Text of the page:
The skyrocketing price of timber has made timber a popular commodity for house builders and thieves

Between high demand, unprecedented high prices and high interest from thieves, ordinary old wood has become the hottest commodity in this year’s house, deck and wall construction season.

Garth Babcock, the construction manager of Akash Homes, said: “Last year, we bought the same product here for $10 per sheet and $11 per sheet. Now, our price for each sheet of paper is around $90.” There are 250 houses in Tashkent province. “This is unheard of.”

Three-quarters of the price of the builder is bought in large quantities by the builder, and the price per thousand square feet is usually around US$400. But it doesn’t work anymore.

“In the past we would spend some money, maybe 600 dollars, 800 dollars [for] A thousand board feet. Now, it’s over $2,200 and we don’t know where to go,” Babcock said.

He said that the cost of a 1,800-square-foot duplex apartment last year was $25,000, and the price is now three times that.

what happened?

Last summer, due to the shortage of wood fiber following the infestation of wildfires and mountain pine beetles, people already felt the shortage after several factories in British Columbia closed. Due to the suspension of COVID-19, many North American factories also temporarily cut production in early 2020.

Then, a people trapped at home began to build more decks and fences. People were renovated to adapt to the new home office life-not only in Canada, but also in the United States.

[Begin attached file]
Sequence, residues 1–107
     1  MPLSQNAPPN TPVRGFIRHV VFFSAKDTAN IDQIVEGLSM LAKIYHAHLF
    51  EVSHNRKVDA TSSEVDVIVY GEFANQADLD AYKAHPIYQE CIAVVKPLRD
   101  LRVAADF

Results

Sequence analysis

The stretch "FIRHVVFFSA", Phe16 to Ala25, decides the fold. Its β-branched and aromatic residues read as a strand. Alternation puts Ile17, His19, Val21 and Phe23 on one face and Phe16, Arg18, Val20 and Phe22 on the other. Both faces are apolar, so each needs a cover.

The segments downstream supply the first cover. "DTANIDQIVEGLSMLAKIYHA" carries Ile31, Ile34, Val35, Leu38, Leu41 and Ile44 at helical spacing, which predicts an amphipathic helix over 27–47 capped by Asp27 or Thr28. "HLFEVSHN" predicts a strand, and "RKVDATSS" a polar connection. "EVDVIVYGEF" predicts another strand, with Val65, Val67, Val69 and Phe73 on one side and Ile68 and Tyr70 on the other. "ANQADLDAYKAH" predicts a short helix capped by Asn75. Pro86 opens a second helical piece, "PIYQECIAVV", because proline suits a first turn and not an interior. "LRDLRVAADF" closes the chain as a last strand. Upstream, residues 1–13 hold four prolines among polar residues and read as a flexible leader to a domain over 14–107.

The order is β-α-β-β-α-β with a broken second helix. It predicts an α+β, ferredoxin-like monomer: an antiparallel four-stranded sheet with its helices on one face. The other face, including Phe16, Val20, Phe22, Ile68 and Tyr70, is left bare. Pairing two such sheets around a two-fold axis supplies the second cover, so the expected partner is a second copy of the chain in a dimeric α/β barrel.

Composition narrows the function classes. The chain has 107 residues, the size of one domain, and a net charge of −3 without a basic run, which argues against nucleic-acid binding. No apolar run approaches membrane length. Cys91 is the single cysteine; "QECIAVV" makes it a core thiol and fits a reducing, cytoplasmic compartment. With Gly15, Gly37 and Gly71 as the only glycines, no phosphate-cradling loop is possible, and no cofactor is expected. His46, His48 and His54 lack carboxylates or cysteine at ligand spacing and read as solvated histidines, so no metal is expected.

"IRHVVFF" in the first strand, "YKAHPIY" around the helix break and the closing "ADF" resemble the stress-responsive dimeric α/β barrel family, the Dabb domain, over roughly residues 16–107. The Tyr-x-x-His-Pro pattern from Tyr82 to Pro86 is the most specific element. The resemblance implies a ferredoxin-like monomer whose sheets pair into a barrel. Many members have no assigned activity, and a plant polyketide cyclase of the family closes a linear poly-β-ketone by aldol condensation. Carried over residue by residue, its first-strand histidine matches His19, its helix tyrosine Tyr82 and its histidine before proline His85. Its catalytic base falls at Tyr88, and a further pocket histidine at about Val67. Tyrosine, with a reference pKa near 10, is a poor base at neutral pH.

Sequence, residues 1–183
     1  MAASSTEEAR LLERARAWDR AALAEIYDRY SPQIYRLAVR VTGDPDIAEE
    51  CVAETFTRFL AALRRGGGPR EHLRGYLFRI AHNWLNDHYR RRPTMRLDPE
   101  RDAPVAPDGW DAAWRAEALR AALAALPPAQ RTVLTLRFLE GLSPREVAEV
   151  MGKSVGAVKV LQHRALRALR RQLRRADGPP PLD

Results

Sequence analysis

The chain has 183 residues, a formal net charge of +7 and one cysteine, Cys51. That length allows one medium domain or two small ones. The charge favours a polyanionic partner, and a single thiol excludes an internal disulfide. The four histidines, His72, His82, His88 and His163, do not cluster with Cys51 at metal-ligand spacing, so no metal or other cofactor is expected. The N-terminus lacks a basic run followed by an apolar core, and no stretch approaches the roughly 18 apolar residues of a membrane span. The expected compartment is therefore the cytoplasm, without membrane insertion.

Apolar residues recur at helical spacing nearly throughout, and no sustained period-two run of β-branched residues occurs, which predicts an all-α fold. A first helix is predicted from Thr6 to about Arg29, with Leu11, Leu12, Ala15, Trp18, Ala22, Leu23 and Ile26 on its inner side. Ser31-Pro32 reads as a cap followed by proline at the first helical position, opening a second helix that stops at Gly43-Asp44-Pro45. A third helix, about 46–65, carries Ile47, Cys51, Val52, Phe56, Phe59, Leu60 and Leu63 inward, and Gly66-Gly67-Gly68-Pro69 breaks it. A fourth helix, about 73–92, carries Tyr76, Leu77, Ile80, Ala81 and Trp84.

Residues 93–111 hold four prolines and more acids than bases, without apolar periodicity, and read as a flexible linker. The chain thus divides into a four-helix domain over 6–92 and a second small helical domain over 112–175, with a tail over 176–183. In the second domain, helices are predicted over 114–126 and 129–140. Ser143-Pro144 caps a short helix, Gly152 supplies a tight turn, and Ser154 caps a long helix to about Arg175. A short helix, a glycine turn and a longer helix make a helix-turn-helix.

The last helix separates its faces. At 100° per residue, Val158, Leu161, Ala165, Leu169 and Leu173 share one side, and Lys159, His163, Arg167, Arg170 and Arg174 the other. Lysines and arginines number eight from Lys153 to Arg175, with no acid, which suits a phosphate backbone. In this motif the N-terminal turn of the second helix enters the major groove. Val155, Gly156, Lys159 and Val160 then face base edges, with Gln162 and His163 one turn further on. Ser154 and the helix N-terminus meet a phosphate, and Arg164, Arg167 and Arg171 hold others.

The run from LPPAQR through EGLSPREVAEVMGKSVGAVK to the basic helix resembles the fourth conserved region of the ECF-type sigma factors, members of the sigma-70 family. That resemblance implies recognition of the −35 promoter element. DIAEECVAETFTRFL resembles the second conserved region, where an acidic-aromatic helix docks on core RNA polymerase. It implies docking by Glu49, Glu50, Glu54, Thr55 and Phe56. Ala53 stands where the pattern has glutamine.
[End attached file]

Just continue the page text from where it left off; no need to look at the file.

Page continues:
As a result, steel mills scrambled to cut down logs, the timber supply was in short supply, and contractors were forced to pay more for available timber.

Nail down

It also took the thief away.

This spring, Akash Homes was attacked at multiple workplaces, causing approximately $100,000 in damages. Babcock said that after dark, the thief used on-site machinery to load a large number of wooden bales onto his trailer.

He said: “They are plugging in zoom lenses on site and getting products from about two or three builders.”

The Babcock mark belongs to the plywood of Akash Homes. If the paint appears on another job site or is advertised online, the paint can make the wood recognizable. (Min Dhariwal / CBC)

In response, Akash Homes strengthened security by installing cameras on the project site and marking materials with color spray paint to help identify wood sold at other work sites or online.

For people outside the housing construction industry, protecting product safety is also a major issue.

Barb MacTavish and her husband Scott run Wild Rose Fencing and Decks in Edmonton. The company recently installed security cameras in its warehouses to monitor its fence panels and decorative materials.

“I have never been so busy before”

McTavish said that during the pandemic, more people staying at home means a busy season in the future, regardless of higher material costs.

She said that last summer she offered a new fence to the customer at a price of US$10,000. It is now $14,000.

“I really think that from what I have seen, it will be a difficult year. [price] Increase, but we have never been so busy. “

The fence board sold for $4 last year is twice as much as today. She said that in the past, the supplier would keep the price for one month, but now it has dropped to a few days.

Scott MacTavish, co-owner of the Wild Rose fence and deck, performed the finishing touches on the retaining wall in the Brookview community. (Peter Evans/CBC)

The same is true in housing construction.

Babcock said some of their properties were sold before the foundation was poured.

This is good for the business, but now there is another problem looming.

He said: “Supply is in short supply, and in the future, we will be told that we may not be able to obtain the wood we need if the road is not far.” “This brings us another problem.”

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